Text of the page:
Terry Gilliam was also part of the science fiction programme last year with his probably most famous film ‘Brazil’. ‘Twelve Monkeys’ is his most mainstream endeavour but it is also one of the few time travelling movies that is not caught up by its own logic or the lack of for that matter. Instead of the usual short films this evening we will show ‘La Jetee’ at 7.30PM, the short film that inspired ‘Twelve Monkeys’.  

(*we know the picture is from the miniseries and not from the movie but its pretty so shut up)

21.10. Battle Royale (Batoru rowaiaru) by Kinji Fukasaku (2000)

In the future, the Japanese government captures a class of ninth-grade students and forces them to kill each other under the revolutionary “Battle Royale” act.


This film is a great transition to our horror programme that will follow next but it is also a great example of a dystopian film. It is the Hunger Games for adults.

Movies and photography


We did not update our website for a while (shame on us) but we keep on showing movies every Wednesday at 8PM and the month of July is all about photography. The Visegrad Film Festival we have organised finished on 28th of June (more about that in other post) and we jumped straight into a next one. Cork Photo *15 is the second annual photo exhibition with venues all around Cork for the whole month of July.


The Deja View is not organizing this one though but our good friend Naomi from The Darkroom in Camden Palace. This year 84 artists are exhibiting in 28 venues and our part in this is our program for July. Each film in July is related to photography in some way and the listing you can find in the very cool map with all the venues.

cork photo launch

These are our choices:

1.7. Oliver Stone – Salvador (1986) 122min, USA


An American photojournalist gets caught in a political struggle at El Salvador in 1980.

Almost every country(maybe except Costa Rica) in South and Central America has its own sad story of civil war, suffering and deaths of innocent all paid for and initiated by the US government. And this is not some conspiracy theory, this is a well known well documented fact. Some large US company owns most of the country’s land, legally elected leader tries to make some reforms to return at least some of it to the people, US government protecting the profit (and not caring about anything else) gives funding and weapons to the most crazy militant troups, manipulates some blood thirsty general into power (as long its not communists, even that I think would not matter if the profit was safe) who they can’t control themselves. Same thing happens in El Salvador and Oliver Stone is not afraid to put the blame where it belongs. The rant’s over. But that just the background, the story is centered around the gonzo journalist Richard Boyle(James Woods), and the events depicted are based on the book written by the real life Boyle.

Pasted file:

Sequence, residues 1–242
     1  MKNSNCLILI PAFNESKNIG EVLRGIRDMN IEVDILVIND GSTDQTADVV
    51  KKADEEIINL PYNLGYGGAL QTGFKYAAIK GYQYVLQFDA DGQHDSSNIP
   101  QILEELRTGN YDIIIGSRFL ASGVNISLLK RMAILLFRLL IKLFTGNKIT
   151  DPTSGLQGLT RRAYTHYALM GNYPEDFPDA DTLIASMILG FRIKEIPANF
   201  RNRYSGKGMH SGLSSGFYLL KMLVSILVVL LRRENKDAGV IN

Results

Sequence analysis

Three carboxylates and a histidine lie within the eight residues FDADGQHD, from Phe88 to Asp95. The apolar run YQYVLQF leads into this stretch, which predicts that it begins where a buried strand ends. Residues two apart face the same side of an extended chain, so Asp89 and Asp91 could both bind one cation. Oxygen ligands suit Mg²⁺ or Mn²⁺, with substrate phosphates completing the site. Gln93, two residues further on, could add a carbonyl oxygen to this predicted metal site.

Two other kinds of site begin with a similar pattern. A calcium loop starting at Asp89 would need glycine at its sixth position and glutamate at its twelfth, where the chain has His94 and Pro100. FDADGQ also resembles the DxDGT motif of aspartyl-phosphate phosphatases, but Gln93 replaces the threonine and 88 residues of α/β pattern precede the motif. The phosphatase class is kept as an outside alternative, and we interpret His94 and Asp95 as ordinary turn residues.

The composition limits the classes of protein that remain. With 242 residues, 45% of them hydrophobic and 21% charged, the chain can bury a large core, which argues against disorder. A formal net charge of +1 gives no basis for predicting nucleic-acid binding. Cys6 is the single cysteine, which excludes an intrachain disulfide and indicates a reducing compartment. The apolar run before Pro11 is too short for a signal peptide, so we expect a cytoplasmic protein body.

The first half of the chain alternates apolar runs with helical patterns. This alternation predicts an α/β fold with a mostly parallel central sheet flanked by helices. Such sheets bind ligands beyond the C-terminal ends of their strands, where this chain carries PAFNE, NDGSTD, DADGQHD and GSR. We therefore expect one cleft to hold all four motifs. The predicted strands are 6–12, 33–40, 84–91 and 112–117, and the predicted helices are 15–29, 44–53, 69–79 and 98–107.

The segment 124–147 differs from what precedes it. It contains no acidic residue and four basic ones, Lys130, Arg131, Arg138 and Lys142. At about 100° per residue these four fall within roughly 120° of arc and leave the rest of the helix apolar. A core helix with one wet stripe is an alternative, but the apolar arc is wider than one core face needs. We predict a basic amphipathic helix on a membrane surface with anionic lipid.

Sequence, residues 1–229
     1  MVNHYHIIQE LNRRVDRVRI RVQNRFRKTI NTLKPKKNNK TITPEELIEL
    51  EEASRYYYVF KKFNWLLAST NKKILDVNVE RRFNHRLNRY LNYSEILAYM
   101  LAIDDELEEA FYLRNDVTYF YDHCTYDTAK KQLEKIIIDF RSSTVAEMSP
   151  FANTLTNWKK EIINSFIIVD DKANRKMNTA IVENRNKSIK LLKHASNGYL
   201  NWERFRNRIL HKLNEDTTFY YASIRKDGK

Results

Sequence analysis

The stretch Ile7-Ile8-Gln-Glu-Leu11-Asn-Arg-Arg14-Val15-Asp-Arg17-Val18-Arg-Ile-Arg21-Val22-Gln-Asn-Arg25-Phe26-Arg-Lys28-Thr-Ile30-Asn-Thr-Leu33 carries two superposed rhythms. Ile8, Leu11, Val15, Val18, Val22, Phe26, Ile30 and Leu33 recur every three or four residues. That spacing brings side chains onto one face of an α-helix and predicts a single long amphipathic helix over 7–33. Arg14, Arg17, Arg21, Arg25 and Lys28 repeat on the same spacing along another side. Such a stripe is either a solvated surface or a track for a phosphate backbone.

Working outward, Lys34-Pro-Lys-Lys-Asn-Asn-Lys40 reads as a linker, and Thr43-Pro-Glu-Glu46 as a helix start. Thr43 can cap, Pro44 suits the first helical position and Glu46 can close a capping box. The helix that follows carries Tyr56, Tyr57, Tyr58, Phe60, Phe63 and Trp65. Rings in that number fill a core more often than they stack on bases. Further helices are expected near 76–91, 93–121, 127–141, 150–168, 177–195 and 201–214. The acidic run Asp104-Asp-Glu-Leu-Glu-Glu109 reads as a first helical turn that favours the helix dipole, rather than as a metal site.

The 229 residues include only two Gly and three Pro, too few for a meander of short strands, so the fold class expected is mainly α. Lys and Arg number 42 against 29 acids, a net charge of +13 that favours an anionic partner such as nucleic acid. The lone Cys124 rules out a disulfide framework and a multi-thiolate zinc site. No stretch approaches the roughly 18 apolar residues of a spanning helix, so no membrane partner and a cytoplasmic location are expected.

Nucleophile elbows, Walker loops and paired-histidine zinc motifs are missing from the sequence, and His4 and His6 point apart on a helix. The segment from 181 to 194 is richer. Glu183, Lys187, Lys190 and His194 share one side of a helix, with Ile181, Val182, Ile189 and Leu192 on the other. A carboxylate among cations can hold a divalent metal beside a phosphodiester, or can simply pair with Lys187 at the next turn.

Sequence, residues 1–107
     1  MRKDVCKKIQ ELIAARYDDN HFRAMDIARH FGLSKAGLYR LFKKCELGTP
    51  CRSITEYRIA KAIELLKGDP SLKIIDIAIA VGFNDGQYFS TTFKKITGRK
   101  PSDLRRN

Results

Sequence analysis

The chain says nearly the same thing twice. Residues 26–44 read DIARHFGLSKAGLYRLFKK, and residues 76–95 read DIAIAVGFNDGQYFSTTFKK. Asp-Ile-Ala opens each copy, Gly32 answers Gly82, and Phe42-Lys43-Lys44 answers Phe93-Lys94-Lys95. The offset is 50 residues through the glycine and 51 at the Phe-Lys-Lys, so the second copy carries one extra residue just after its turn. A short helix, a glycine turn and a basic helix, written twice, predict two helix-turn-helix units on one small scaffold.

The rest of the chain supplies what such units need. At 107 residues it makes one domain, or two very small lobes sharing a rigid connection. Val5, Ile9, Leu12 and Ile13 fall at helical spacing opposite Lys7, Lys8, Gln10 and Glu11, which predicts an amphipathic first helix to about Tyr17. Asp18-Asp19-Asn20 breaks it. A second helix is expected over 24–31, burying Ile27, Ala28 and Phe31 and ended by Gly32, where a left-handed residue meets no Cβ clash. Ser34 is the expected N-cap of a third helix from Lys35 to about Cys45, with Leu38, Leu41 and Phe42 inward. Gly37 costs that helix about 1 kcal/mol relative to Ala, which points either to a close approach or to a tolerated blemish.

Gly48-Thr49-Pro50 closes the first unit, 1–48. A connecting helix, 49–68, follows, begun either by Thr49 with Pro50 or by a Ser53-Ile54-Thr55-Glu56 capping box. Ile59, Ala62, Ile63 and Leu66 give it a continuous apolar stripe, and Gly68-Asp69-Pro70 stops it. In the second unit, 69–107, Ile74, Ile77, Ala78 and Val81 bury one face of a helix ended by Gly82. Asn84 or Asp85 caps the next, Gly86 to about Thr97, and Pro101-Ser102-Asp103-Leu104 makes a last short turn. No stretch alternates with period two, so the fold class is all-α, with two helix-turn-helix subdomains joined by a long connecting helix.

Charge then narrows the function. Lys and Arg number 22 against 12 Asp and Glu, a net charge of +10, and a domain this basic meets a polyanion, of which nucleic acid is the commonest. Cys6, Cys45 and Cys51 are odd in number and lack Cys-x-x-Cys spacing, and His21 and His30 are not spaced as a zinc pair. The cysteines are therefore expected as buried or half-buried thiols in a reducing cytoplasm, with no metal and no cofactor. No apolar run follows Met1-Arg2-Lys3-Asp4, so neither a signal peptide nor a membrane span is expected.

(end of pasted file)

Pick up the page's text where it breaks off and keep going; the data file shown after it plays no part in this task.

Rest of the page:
8.7. Travis Klose – Arakimentari (2004) 85min, USA, Japan


A look at the life and work of Japanese photographer Nobuyoshi Araki and his impact on Japanese culture.

The photographer Araki is mostly known for his erotic photography (bordering on pornography) but there is much more to this artist. He produced about 350 books making him one of the most active artist in Japan. He is adored by many famous artists such as Takeshi Kitano or Bjork among others who also feature in the documentary.

15.7. Zana Briski, Ross Kauffman – Born into Brothels: Calcutta’s Red Light Kids (2004), 85min


Two documentary filmmakers chronicle their time in Sonagchi, Calcutta and the relationships they developed with children of prostitutes who work the city’s notorious red light district.

This documentary shows how art (in this case photography) can change people’s lives, can give voice to the voiceless, can give hope in a apparent hopeless situation or can find a talent in any place which in turn can enrich all our lives. But it is also a proof what difference one person can make. It is sad and uplifting at the same time, shows us very intimately that not all kids are as fortunate as others, that is not easy to escape your life but gives us new faith in humanity. Even despite its flaws it is a must watch.